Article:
The Drawers - John Noestheden  Commentary written by Julie Oakes

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The sparkling surface overwhelms the conceptual base and so it is with any great work of art. What is it that we revere - the Bellini or the Madonna, the Picasso or the profound sorrow of Guernica, the Twombly or the battle, Lepanto? The phenomenal object, the work of art, although it may have been born of grand concepts, it is the enduring physicality that provokes awe. And so it is with a Noestheden.

The initial source of inspiration and configuration is the night sky under which man has stood marveling for eons. As a subject, astronomy contains the secrets of the origin of life coupled with the overwhelming concept of infinite space. The imagination must stretch to encompass the possibility of life forms, perhaps intelligent ones that go beyond our limited philosophies. From this great source, John Noestheden brings the imagery closer by using illustrations and star maps of star systems as his base material - the night sky interpreted through the knowledge of man. Then he extracts a small section of the depiction and magnifies it using them as inflated models of some detail of the universe. He meticulously transcribes the details, first in pencil and then in ink, paint or crystals and presents his examination. The result is an abstract wonder, a phenomenally beautiful object, perhaps as wondrous as the night sky.

John's hand, in service to his conceptual master plan, also raises admiration for the making of these sparkling drawings or fanatically precise ink renderings is almost beyond comprehension. Such exactitude! The art of pasting the tiny crystals onto the paper in rigidly-adhered-to images, (the crystals had been dispersed by vibration systems, as in the universe) and the painstaking task that must have been, provokes awe. But the most incredible aspect of Noestheden's work is the leap that he made from concept into material and the resulting work of art. If ever that term 'work of art' can be applied, it is in the presence of a Noestheden silver crystal drawing.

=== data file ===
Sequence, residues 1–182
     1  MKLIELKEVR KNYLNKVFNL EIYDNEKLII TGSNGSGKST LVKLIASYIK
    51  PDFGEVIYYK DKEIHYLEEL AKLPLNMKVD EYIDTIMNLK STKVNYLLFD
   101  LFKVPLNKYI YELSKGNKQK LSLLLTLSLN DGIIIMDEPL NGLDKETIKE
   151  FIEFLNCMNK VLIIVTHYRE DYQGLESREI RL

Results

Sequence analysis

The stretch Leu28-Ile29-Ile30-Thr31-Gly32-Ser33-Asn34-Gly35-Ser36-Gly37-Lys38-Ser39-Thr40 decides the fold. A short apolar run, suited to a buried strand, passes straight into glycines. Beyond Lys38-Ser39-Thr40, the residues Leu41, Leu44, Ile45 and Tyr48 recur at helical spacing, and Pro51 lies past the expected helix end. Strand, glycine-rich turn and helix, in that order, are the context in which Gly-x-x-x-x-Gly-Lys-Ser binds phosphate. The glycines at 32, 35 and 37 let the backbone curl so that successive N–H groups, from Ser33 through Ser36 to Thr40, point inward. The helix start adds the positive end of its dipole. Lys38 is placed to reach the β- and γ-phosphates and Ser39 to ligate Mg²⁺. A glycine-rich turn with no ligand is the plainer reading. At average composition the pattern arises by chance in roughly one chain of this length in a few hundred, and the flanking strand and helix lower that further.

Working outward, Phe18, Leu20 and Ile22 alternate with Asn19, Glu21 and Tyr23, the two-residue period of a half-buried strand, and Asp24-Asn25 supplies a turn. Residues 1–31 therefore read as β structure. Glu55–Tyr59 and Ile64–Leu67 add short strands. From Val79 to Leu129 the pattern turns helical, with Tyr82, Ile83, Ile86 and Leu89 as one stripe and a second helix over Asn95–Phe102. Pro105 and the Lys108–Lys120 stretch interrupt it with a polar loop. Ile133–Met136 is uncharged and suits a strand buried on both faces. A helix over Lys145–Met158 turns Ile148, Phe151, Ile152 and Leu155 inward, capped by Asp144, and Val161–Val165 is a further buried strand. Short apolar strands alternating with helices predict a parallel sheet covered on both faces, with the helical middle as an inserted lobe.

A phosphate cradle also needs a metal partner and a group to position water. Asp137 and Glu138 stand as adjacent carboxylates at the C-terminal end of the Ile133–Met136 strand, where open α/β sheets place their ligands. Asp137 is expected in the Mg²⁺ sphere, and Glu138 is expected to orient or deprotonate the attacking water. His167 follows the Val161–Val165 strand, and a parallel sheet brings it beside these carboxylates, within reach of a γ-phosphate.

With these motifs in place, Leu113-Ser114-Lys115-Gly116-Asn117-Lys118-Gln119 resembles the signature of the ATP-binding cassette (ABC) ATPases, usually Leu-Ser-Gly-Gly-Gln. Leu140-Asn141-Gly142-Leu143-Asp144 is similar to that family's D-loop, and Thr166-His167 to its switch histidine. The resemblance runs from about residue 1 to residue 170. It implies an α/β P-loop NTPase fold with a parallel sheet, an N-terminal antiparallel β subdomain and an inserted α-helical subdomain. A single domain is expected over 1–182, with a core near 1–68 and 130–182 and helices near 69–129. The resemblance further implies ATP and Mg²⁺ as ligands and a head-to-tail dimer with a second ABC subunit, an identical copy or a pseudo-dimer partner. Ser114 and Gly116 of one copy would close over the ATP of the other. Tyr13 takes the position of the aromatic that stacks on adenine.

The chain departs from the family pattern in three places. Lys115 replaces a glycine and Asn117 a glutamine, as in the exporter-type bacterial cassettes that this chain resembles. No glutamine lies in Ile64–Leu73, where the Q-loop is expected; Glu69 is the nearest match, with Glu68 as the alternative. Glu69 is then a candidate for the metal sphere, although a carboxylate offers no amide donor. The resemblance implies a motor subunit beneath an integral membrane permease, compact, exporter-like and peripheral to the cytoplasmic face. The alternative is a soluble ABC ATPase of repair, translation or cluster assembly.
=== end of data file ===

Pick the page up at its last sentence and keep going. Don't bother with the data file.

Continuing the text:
Noestheden's work, abstract at first reading, is actually representational. John captures the wonder of the night sky. It is necessary, like standing under the canopy of stars, to experience the work first-hand, for as the viewer moves around, the tiny diamond-like crystals sparkle and bounce off the retina as if they were receiving an electrical pulse. It is the phenomenology of binocular vision, a resultant visual illusion as one eye sees, then the next follows, just as the light from space is often old light from an extinguished source.

Copyright 2006,  Headbones Gallery, The Drawers